Shadows are falling on the e-bikes compliance

Tuesday, 05 May 2020 16:56 Product safety
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The bicycle is an ideal means of transport in the transition from lockdown to normality, when access to public transport is limited to keep distances between people, and the use of private cars will bring traffic and pollution. 

 

Alongside the traditional bicycle, in recent years e-bikes are becoming increasingly popular, allowing even the less trained to travel long distances and overcome climbs without too much effort.

The e-bikes (Electrically Power Assisted cycles - EPAC Bicycles) from a technical point of view are products that fall within the scope of application of the Machinery Directive and have as a reference harmonised standard EN 15194.

This standard deals with significant hazards, situations and hazardous events affecting EPAC when used as intended by the manufacturer and under reasonably foreseeable conditions of misuse.

The maximum continuous electric power of e-bikes is set at 0.25 KW and the output power is progressively reduced and finally stopped when the EPAC reaches the speed of 25 KM/h, or sooner, if the cyclist stops pedalling.

Manufacturers of e-bikes for the construction of safe products can refer to standard EN 15194 which ensures the presumption of conformity to the Machinery Directive. However, shadows are falling on the actual safety offered by the standard in meeting the applicable essential health and safety requirements; in fact, last year a formal objection was lodged against EN 15194.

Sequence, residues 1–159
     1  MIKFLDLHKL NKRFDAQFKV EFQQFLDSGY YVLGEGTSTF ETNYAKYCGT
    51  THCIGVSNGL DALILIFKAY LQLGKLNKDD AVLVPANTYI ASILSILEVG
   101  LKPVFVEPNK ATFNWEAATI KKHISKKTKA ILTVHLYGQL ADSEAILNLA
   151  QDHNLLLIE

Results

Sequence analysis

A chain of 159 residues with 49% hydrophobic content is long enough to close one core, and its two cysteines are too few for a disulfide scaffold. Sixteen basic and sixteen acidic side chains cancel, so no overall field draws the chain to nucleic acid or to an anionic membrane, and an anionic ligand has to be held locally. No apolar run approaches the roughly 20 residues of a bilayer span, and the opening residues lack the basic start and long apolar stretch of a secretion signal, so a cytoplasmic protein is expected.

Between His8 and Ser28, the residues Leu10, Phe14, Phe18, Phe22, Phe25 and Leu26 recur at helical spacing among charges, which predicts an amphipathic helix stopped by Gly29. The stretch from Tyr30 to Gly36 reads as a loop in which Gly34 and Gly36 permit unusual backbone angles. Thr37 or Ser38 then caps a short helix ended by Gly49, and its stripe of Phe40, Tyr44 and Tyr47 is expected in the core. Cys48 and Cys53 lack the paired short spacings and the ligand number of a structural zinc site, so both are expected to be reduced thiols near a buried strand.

In the Netherlands serious incidents are happening with Lithium-ion cells and/or battery packs used. These incidents often lead to fires and explosions which pose a serious risk to consumers.

If a Lithium-ion cell is not used within the limits specified by the manufacturer, the chemical reactions that subsequently occur in the battery can cause increasing heat. This leads to an irreversible process that can cause a fire or an explosion. This can take place during charging or once the battery of the e-bike is charged.

It is of essential to keep lithium-ion cells within the limits specified by the manufacturer for current, voltage, temperature and any other parameters necessary for safety during charging and discharging conditions.

The common practice for the safety of products with lithium-ion cells and/or battery packs is to refer to standard EN 62133 and EN 50604-1 such as happened in the standard for e-bikes EN 15194.

These standards are mainly focused on the safety of lithium-ion cells and limited to the application of lithium-ion cells in a battery pack. For example, the correct operation of the battery management system (BMS) in a battery pack is missing.

This shortcoming, together with other elements to be included in EN 15194 led the Netherlands to lodge a formal objection against it.

Standard EN 15194 does not seem to provide the presumption of conformity with the essential health and safety requirements (EHSRs) in point 1.5.1 about the electricity supply considering:

- Annex I, point 1 sub c and point 2, preamble and sub b, of Low Voltage Directive 2014/35/EU and

- EHSR 1.5.5 Extreme temperatures, EHSR 1.5.6 Fire and EHSR 1.5.7 Explosion of Annex I of the Machinery Directive.

 

 

2856 Tuesday, 05 May 2020 17:12

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